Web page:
These problems highlight fundamental flaws in international financial-sector regulation, said Adam Posen, deputy director of the Peterson Institute for International Economics in Washington. "Clearly there are large parts of the financial system that have gone around the supervisors," he said, noting that some traders have set up investments in the Cayman Islands, for instance, to avoid regulation. "Their actions have had spillover effects."
The complexity of the international regulatory challenge is only going to grow as the current crisis transforms the concentration and ownership of the financial system. As American firms seek infusions of cash from foreign investors, and find many willing buyers because of the weak dollar, Posen noted, more foreign players will enter the U.S. domestic financial market, which will require new forms of international supervision.
Moreover, he argued, Basel II, the set of global financial-sector rules that just came into effect in 2008 under the Bank for International Settlements in the Swiss town of that name, is inadequate. It allows banks to assess the risk of their own portfolios-a clear conflict of interest. And rating agencies that grade the creditworthiness of securities offered to the market are paid by the very firms that benefit from a positive rating-another conflict.
The capital that financial institutions are required to keep on hand in case of emergencies is also inadequate. "Recent history suggests," wrote Nouriel Roubini, chairman of RGE Monitor, a respected financial website, "that most financial institutions were vastly undercapitalized given the kind of market, liquidity, credit, and operational risks that they were facing in an increasingly globalized financial system."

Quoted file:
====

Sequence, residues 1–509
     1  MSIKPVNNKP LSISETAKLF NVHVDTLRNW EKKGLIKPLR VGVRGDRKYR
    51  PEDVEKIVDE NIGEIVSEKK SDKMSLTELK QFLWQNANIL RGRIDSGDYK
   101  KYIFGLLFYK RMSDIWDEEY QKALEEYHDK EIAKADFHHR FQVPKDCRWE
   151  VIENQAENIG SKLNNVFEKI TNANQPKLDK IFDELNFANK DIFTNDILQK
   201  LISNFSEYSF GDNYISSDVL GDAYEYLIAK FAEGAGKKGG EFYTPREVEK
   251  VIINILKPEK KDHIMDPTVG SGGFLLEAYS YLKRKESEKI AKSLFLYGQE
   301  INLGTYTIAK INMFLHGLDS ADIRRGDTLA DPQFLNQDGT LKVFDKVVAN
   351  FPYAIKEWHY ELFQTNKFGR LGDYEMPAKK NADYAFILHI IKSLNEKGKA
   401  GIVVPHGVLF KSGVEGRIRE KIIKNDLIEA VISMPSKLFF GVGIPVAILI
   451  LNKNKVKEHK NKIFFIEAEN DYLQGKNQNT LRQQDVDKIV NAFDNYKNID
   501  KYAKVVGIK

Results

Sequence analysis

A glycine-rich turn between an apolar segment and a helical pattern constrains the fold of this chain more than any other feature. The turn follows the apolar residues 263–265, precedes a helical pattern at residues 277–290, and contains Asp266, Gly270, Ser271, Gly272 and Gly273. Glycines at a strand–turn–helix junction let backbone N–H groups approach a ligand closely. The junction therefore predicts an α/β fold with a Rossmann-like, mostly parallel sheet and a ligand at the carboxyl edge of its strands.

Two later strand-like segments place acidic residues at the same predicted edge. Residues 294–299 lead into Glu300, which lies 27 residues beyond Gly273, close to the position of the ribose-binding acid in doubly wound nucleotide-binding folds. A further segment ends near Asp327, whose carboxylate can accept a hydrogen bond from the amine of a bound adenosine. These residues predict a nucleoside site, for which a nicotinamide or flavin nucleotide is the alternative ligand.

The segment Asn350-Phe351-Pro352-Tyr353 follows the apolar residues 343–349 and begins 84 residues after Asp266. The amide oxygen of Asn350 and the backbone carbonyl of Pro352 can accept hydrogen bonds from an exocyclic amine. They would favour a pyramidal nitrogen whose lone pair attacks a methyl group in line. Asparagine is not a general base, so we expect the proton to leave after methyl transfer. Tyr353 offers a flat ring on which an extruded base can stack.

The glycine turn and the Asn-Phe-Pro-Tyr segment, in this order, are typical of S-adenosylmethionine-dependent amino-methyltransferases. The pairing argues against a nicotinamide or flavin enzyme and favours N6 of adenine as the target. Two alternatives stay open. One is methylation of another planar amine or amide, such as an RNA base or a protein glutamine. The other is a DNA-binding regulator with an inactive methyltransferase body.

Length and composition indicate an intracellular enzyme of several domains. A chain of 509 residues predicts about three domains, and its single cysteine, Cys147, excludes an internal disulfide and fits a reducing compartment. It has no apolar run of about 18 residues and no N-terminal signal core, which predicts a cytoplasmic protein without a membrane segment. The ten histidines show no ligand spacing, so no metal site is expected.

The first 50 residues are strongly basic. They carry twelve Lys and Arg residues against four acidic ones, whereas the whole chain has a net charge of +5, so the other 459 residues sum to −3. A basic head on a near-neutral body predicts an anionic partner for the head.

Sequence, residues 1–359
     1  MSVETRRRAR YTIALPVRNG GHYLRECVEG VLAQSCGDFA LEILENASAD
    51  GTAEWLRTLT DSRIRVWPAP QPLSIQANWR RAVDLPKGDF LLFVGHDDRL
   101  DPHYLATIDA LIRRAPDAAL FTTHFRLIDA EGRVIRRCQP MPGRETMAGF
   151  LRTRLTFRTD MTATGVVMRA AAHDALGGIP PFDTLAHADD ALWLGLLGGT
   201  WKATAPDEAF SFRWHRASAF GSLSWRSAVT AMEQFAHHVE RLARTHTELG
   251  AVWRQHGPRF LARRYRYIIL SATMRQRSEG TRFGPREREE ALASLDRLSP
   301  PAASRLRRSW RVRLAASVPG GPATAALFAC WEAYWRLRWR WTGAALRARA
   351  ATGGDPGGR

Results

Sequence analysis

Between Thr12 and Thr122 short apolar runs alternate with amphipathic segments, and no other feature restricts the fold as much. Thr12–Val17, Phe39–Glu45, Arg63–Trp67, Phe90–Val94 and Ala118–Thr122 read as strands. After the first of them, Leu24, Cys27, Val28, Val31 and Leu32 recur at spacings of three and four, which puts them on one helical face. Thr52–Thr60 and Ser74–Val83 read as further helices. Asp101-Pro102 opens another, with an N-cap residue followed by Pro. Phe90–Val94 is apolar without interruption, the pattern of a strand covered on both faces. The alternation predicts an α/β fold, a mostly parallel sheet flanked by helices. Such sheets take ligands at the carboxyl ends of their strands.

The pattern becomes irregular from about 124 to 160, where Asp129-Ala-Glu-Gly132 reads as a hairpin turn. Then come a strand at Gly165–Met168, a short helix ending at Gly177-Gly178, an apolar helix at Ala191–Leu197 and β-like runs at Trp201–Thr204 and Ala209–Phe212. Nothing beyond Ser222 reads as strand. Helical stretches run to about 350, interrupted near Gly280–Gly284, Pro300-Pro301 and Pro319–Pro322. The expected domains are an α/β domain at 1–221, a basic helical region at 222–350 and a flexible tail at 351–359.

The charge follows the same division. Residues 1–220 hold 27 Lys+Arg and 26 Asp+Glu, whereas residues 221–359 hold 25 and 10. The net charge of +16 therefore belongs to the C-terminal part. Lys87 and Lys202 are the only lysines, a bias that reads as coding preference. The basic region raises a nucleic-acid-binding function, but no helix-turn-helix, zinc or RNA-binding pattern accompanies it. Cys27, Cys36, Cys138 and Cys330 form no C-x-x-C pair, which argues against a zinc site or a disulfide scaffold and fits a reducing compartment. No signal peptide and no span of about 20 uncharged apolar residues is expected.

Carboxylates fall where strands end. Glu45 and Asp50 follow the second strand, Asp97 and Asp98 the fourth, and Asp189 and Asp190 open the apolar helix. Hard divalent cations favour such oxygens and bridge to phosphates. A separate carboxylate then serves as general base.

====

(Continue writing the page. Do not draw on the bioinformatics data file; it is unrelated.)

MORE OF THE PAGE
In light of the current crisis, said Katinka Barysch, deputy director of the Center for European Reform, a think tank in London, "we can look for solutions together-or we can do so separately and then spend years trying to reconcile them so as not to impede capital flows."
The Financial Stability Forum, an international group of financial-sector regulators and central bank experts under the leadership of Mario Draghi, the head of the Bank of Italy, recently floated options for joint action. It suggested that a large group of the most important international banks take some steps toward greater openness-simultaneously dis_close, for instance, their financial positions, including their exposure to mortgage-backed securities and their available capital. Another idea was to conduct "a coordinated operation to boost capital simultaneously in a number of institutions" with the help of public funds.
"The idea of a global financial sheriff is, for the time being, a bit far-fetched," Roubini wrote. But "a much stronger degree of coordination of financial regulation and supervision policies is necessary."